Logo Phegea Butterflies in the Benelux
Frits Bink & Rosita Moenen 2015

Based on: Dagvlinders in de Benelux 2013
Revised and extended
Edited by Sylvain Cuvelier & Peter Russell

Vlaamse Vereniging voor Entomologie
VVE Werkgroep Dagvlinders

Flemish Entomological Society
VVE Workgroup Butterflies

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17.Papilio machaon Linnaeus, 1758 / Swallowtail / Papilionidae – Papilioninae

NL: koninginnepage, koninginnenpage / D: Schwalbenschwanz / F: machaon, le grand porte-queue

Photographs: Frits Bink ©.

Large or very large, wing length male 36 (32-38) mm, female 38 (35-41) mm. In the southern part of the Benelux always present, in the northern part absent in periods of unfavourable summer weather. It is a remarkable species because it is able to live in Mediterranean and also in subarctic climate.

Butterfly is on the wing in the Benelux end-April until early-June, peaks late May, second brood mid-July until early-September, peaks late-July and occurs in dunes, marshes, grassland on hills mildly grazed by cattle and in the countryside on verges of country roads, gardens and often in allotment/garden complexes. The species occurs in climates ranging from maritime to severe continental, amplitude 5 to 20. The required heat sum is 200°d, the maximum tolerated 3600°d and the corresponding climate window is 15 weeks and the whole year open.

The species occurs irregularly in countries such as Denmark and the Netherlands and adjoining regions, where the climate of warm and dry summers is required for two broods per year; however, in cool and wet summers unsuitable even for a single brood. The unpredictability of the climate from year to year, where the heat sum fluctuates between 700°d and 900°d, results in some years in the disappearance of the species. In eastern England a population of Papilio machaon brittanicus occurs in the same climate range but there it is stable because it is generally univoltine and only exceptionally do adults of a second brood appear, as was the case in the hot, dry summer of 1976.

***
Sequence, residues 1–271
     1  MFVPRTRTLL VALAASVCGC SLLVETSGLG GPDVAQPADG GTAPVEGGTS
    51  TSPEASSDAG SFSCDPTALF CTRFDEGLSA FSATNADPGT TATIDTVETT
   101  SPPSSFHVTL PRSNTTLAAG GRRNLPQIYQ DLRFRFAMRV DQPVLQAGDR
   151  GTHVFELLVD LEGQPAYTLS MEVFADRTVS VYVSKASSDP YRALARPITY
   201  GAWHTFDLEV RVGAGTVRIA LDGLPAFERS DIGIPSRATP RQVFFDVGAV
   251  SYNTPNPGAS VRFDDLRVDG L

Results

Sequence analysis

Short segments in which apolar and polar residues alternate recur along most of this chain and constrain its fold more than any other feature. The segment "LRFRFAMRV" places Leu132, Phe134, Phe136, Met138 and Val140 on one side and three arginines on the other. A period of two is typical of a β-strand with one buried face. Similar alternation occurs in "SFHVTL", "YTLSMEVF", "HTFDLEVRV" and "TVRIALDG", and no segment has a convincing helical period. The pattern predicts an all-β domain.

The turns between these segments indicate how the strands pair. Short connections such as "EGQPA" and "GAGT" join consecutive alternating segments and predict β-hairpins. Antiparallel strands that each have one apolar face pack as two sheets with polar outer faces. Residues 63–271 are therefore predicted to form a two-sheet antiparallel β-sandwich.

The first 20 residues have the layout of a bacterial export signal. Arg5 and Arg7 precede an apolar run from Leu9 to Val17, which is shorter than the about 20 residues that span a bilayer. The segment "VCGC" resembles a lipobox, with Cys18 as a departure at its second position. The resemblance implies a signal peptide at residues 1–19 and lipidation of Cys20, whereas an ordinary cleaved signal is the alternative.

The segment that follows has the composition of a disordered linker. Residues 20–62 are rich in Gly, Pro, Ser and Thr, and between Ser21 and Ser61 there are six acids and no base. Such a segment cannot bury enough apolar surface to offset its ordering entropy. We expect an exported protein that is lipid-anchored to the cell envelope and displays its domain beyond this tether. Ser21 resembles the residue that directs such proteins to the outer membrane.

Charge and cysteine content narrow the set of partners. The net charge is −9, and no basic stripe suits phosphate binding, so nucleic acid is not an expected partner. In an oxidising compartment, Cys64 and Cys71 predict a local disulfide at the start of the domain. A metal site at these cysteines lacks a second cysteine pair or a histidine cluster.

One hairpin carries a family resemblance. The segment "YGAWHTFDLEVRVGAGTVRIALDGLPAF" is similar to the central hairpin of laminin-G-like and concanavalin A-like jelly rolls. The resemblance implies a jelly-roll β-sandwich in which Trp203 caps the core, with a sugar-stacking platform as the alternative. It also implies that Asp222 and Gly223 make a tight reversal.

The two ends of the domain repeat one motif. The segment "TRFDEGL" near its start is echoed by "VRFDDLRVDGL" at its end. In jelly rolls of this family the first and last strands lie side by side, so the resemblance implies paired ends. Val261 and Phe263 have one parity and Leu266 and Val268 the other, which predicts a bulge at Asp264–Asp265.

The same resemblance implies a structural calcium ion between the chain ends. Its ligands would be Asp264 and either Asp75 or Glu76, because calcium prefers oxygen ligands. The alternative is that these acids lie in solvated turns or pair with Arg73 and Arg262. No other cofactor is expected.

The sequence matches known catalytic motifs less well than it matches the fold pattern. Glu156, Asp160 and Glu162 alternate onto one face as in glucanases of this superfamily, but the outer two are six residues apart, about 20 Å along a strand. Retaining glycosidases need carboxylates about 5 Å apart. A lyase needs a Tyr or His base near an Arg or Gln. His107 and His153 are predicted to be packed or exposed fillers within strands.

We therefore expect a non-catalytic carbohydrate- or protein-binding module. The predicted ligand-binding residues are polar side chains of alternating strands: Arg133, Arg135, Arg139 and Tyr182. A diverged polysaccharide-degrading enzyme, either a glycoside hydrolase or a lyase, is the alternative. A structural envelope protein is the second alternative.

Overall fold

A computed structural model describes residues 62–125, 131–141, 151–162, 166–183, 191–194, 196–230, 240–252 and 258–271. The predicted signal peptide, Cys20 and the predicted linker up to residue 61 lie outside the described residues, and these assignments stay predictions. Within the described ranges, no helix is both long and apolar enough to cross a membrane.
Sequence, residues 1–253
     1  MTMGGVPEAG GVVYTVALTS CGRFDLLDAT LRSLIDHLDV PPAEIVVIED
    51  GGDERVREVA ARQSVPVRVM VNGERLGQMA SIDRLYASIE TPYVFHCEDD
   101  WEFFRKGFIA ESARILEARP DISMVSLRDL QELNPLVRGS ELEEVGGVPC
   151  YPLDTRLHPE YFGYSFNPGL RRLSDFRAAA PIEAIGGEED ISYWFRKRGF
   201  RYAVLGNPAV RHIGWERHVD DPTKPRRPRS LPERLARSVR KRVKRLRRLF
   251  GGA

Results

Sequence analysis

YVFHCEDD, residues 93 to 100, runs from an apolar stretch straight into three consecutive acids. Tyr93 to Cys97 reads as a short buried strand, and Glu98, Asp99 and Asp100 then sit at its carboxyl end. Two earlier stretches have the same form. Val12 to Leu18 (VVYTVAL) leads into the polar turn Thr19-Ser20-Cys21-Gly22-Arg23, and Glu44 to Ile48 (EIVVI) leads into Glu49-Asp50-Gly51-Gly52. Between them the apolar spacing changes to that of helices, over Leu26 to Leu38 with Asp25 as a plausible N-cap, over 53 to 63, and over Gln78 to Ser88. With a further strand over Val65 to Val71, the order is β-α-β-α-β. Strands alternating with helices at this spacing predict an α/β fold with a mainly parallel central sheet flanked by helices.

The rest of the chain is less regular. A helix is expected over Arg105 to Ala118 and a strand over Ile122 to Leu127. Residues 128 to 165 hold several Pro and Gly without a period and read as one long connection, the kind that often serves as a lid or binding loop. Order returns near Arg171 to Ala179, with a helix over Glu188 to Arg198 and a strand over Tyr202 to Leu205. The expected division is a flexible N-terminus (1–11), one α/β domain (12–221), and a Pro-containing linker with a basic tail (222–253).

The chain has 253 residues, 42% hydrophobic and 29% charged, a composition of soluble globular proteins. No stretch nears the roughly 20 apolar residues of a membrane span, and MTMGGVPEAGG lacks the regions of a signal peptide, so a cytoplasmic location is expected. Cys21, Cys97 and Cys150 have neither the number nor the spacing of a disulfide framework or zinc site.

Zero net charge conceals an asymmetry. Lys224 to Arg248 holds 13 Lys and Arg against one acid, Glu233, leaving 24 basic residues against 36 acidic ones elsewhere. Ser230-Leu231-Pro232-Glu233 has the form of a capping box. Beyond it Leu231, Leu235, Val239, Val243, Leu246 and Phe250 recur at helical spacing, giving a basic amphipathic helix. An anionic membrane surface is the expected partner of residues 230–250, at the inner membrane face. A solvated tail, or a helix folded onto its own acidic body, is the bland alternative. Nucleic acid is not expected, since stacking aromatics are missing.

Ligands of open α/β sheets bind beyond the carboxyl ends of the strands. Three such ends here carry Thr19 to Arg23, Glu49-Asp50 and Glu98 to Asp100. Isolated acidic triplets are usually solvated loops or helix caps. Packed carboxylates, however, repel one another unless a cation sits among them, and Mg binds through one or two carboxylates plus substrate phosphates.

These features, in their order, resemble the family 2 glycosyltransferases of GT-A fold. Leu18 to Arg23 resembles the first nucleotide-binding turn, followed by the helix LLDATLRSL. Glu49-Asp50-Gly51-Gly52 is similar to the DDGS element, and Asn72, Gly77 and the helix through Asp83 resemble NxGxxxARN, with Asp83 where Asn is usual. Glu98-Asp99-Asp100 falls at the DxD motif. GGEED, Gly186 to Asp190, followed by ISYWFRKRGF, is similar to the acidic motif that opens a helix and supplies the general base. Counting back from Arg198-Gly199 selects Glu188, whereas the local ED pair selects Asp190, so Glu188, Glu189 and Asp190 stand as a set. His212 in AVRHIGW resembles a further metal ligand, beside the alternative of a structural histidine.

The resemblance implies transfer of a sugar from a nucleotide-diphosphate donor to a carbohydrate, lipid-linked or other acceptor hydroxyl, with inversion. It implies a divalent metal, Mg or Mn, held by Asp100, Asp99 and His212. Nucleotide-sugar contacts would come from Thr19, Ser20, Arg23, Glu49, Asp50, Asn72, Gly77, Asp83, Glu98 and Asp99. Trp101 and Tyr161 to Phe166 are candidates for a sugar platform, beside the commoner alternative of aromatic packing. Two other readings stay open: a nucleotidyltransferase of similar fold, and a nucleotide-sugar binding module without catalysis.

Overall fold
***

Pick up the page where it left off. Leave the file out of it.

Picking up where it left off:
This was deleterious for the survival of the population because of the poor growing conditions of the local host-plant, milk parsley (Peucedanum palustre).

Ecological characteristics

Behaviour over time
Overwintering: pupa attached to trunk or stone near to the soil or to the branch of a shrub.
oviposition starts after 2 to 5 days when the body contains 65 (24-80) eggs. Observed potential production is 5.5 times as much and required oviposition time 3 weeks (Data Christer Wiklund 1986, egg production per female: 357 ± 92, n=14).
Larval feeding periods:
4 to 5 weeks in the period from mid-May until end-September.
depending on the local climate, one in cool but up to three in warm.
Spreading of risk:
spread in hatching of the pupa in spring, prolonged diapause over years.
Life cycle:
egg 7 (5-12) days; larva 30 (22-36) days; pupa 18 (13-22) days, up to 29-46 weeks, sometimes more than 80 weeks.
Life span of adult:
rather long, 3 weeks.

Photographs: Frits Bink ©.

Behaviour in space
From stay-at-home to migrant: a nomad that can migrate over long distances.
Finding a mate:
males congregate on hill tops or any remarkable landmark in the landscape where they wait for females.
Orientation in the landscape:
on large structures such as seashores, river banks, but also on small ones as mosaic pattern in vegetation structure. Arable fields with carrot are almost ignored, small beds in gardens well accepted.
in most cases precisely on flower buds or young sprouts. Sometimes a few eggs are laid on host plants not normally used as host-plants.